Perhaps power and control represents the return on investment?



What is going on here is not really a ponzi scheme as there is no positive return on investment.

To these S.O.B.'s power and control will win out over any currency any day of the week.


It is basically just a loan.

A loan that seemingly can NEVER be paid back as the video states.

So what is the motivation? What is the goal?

There is a game being played. I am too naive, too trusting to try to figure out the rules. I guess that's where you, me and the rest of the "little people" lose out.

When being taught about the Great Depression, I asked a teacher "did everyone lose everything?".

He laughed and said, "No, there were lots of people who mopped up!".



posted on Apr, 30 2011 @ 12:15 AM
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reply to post by surrealist
 


Well, the subject of the video is robbing peter to pay paul, but the worlds economy is indeed a giant ponzi scheme.

Thats why we keep moving for more labor via trying to increase birth rates, then importing it via immigration, then giving up on that and moving industry to the most populated countries on the planet. From small nations, to trade unions comprised of many nations, to the one world government.

The keep needing to expand at the base (pull in more low level people) to keep the whole system afloat, and..........its not really working anymore. Ponzi schemes are all the same in that they eventually collapse when the influx at the bottom isnt enough to disguise the fact that there is really nothing viable going on.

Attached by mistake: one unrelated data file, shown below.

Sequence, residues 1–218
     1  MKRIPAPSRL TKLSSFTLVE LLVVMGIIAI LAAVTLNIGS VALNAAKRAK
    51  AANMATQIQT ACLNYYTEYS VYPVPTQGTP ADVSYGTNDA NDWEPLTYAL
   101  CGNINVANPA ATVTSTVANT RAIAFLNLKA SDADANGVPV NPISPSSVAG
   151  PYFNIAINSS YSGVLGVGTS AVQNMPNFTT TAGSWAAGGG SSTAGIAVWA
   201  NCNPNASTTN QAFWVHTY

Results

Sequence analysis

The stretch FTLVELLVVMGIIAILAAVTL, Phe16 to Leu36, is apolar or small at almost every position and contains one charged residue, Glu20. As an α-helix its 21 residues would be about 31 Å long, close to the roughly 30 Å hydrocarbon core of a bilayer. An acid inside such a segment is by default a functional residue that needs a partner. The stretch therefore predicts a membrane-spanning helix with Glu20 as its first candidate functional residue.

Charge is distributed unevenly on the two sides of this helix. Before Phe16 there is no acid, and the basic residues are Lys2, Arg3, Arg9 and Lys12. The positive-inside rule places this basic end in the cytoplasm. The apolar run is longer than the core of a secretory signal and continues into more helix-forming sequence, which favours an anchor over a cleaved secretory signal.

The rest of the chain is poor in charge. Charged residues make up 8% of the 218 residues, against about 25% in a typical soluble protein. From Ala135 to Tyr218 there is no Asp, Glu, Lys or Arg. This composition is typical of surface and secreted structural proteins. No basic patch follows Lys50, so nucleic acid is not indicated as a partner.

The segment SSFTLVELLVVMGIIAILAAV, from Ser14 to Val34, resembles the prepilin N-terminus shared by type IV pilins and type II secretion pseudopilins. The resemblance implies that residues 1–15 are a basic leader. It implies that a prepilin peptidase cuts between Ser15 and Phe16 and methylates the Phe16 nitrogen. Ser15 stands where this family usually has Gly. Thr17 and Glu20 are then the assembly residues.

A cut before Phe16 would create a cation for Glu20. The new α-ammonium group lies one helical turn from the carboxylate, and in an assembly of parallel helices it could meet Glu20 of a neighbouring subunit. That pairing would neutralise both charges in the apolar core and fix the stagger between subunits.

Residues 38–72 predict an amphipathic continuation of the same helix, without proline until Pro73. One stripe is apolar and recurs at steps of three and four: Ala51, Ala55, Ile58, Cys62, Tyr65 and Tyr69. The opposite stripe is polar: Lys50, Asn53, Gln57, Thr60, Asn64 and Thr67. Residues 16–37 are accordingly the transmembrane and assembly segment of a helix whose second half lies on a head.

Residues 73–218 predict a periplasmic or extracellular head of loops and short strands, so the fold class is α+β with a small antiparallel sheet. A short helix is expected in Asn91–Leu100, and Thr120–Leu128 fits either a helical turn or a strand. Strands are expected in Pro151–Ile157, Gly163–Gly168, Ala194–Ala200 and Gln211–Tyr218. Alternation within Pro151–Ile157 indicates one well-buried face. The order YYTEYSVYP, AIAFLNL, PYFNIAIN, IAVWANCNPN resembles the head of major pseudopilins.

posted on Apr, 30 2011 @ 05:59 PM
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reply to post by Hessling
 


I agree the EU is hanging on by a thread, and so is the US and China but the theory of "robbing peter to pay paul". doesnt work well when both Peter and Paul are broke and are borrowing more from the printing press.

There is a whole new game being created behind the scenes to fix this problem and non of us will like it.



posted on May, 11 2011 @ 09:53 PM
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Originally posted by wonderworld
reply to post by Hessling
 


I agree the EU is hanging on by a thread, and so is the US and China but the theory of "robbing peter to pay paul". doesnt work well when both Peter and Paul are broke and are borrowing more from the printing press.

There is a whole new game being created behind the scenes to fix this problem and non of us will like it.

I agree with you. They know it is going to come crashing down and they have a backup plan already. They will sell it to us as very good but once we are in it, we will realize the mistake we have allowed.



posted on May, 11 2011 @ 10:25 PM
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I'm probably showing my lack of knowledge on the global economy here, but why can't nations just cancel their debt out?

What I mean, if I owe someone named John 100 bucks, and he owes someone named Bill 100 bucks, and bill owes me 100 bucks, can't all three of us just call it even?

Obviously the debt of nations isn't equal like my example, but couldn't you just cancel the debt against what is owed to you, to at least lower the amount of overall debt?

I'm sure I'm missing something here.



posted on May, 12 2011 @ 01:05 AM
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Hey I'm from Australia and these guys from Australia use comedy to get their message across. Seems true which is what makes it all so laughable if it wasn't so tragic to the plebe who has to bear the brunt of the stupidity called sovereign debt.
edit on 12-5-2011 by surrealist because: (no reason given)